SNAP Questions and Answers Concerning the Trafficking Controls and Fraud Investigations Final Rule
In February, 2013, FNS published final regulations revising the definition of trafficking. It subsequently came to our attention that some states were not clear that upon its effective date, federal law takes precedence and states were expected to implement the new federal trafficking definition.
The increased focus on SNAP integrity has required FNS and the states to review their procedures for responding to integrity issues, specifically a clarification of FNS' responsibility when a state employee is found guilty of fraud while administering the program.
Strengthening SNAP integrity, rooting out waste, fraud and abuse so that federal dollars are used appropriately.
The purpose of this memo is to transmit guidance regarding the sale of, or intent to sell, SNAP benefits and/or EBT cards in public or online through web sites and social media. FNS considers the offer to sell SNAP benefits to be a violation of SNAP regulations.
This memorandum is to reiterate and clarify current policy governing intentional program violations as set forth in the Food Stamp Program regulations.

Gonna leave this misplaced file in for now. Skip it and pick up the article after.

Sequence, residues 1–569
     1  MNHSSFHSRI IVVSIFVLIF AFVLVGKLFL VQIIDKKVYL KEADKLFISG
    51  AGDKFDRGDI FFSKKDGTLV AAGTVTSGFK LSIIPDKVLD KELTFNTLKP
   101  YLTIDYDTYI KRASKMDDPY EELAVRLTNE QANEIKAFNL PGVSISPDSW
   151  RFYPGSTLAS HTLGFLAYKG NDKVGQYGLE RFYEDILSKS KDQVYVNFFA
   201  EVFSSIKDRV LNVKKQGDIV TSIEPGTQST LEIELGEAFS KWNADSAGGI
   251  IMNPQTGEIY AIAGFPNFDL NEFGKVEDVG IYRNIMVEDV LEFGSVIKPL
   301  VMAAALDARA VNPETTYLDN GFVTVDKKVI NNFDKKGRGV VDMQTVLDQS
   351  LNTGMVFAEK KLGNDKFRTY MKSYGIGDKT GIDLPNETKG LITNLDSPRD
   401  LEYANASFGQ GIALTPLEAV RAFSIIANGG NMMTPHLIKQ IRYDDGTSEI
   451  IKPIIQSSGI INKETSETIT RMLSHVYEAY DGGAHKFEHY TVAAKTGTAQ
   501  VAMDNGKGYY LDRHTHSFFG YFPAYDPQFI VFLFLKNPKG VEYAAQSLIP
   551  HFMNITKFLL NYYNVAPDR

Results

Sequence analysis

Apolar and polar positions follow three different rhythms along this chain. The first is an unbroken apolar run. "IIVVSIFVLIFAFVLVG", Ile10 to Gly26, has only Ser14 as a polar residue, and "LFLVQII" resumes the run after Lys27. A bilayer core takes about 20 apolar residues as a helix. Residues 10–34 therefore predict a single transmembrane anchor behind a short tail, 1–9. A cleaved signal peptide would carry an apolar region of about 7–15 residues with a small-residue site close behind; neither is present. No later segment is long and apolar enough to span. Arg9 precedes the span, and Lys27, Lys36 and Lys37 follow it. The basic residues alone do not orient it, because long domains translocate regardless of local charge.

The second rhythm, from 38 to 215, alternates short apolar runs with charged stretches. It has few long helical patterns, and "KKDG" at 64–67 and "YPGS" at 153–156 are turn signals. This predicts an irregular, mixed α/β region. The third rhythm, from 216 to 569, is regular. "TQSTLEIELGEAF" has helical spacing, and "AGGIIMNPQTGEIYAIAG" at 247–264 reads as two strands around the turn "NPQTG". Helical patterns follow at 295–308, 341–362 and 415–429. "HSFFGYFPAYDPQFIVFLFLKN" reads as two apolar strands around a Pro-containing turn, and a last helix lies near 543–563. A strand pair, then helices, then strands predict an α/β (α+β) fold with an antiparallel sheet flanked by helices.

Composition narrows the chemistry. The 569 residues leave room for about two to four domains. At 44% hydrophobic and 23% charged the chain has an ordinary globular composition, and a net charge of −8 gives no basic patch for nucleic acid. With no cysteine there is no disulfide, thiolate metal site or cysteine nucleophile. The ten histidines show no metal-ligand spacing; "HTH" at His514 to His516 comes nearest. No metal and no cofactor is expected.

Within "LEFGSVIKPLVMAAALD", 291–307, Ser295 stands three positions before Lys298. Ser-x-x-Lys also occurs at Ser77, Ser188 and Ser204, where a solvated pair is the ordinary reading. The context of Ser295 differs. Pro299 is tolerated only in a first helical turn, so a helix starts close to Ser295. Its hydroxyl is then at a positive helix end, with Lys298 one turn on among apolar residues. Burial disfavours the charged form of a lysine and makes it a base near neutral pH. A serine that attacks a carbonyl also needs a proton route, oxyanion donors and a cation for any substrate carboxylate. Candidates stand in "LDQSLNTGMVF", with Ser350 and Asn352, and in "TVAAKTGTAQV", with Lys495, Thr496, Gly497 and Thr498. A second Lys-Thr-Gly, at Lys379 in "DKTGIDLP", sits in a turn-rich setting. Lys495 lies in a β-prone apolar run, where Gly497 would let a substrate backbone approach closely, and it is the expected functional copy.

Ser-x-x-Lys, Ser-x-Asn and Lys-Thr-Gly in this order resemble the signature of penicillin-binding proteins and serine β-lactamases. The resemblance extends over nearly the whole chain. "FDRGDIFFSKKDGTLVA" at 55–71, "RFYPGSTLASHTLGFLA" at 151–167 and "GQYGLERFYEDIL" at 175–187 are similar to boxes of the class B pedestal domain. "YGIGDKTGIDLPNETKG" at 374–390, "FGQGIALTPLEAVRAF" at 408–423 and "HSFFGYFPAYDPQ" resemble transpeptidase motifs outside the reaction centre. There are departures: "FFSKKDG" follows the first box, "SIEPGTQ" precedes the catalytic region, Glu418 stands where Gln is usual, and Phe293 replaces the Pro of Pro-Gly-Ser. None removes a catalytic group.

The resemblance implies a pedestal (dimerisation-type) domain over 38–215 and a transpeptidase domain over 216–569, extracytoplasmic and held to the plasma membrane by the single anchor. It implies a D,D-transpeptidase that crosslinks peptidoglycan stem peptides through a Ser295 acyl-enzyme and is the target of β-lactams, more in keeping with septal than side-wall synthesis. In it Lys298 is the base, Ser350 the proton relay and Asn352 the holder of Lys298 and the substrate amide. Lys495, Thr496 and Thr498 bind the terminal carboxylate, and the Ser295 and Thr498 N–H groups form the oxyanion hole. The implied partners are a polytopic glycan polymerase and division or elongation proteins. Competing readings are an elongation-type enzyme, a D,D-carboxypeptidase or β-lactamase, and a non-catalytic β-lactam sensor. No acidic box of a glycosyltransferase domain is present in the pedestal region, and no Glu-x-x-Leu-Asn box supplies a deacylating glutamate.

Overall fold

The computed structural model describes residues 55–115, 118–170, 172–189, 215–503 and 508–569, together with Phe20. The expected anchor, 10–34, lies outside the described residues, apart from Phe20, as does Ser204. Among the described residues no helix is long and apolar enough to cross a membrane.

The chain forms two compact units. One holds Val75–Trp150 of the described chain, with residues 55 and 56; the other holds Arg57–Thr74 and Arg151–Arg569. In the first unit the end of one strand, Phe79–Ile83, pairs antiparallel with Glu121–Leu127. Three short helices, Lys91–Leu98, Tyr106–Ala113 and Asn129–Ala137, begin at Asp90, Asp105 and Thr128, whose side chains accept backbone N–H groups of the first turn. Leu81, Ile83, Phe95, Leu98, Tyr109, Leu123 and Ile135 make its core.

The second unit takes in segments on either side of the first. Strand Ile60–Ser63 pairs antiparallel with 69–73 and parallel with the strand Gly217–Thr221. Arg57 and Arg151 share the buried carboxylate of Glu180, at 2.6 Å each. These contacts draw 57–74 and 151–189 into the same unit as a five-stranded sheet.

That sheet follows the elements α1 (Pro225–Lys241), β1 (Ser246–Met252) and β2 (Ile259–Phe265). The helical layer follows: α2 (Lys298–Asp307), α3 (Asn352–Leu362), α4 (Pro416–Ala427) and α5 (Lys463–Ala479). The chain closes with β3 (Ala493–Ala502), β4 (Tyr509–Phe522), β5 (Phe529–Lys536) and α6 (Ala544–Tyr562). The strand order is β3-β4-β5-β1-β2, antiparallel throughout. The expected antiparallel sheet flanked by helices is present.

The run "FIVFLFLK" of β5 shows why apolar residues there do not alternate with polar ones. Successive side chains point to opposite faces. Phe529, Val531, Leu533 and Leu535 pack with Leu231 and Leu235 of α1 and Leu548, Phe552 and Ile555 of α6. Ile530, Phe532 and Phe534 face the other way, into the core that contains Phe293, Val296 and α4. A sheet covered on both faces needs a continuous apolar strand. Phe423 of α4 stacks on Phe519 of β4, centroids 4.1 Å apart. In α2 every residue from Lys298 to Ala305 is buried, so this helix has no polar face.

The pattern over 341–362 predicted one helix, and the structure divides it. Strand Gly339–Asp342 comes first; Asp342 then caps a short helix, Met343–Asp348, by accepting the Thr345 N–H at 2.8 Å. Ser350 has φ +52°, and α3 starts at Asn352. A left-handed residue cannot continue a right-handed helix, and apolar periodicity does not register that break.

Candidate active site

The following memo represents our position on the question of whether the head of household may be held responsible for an IPV when the household member that committed the IPV cannot be determined.
Cooperación del Programa de Cupones para Alimentos con investigaciones de fraude.
After a further review of this matter, and upon advice of our legal counsel, we have reconsidered our position on the use of the Request for Contact (RFC) to facilitate household cooperation with fraud investigations. We have decided that the RFC may only be issued by state eligibility workers and only when the state agency learns of a change in the household’s circumstances that calls into question the household’s continued eligibility for the program or its current level of benefits.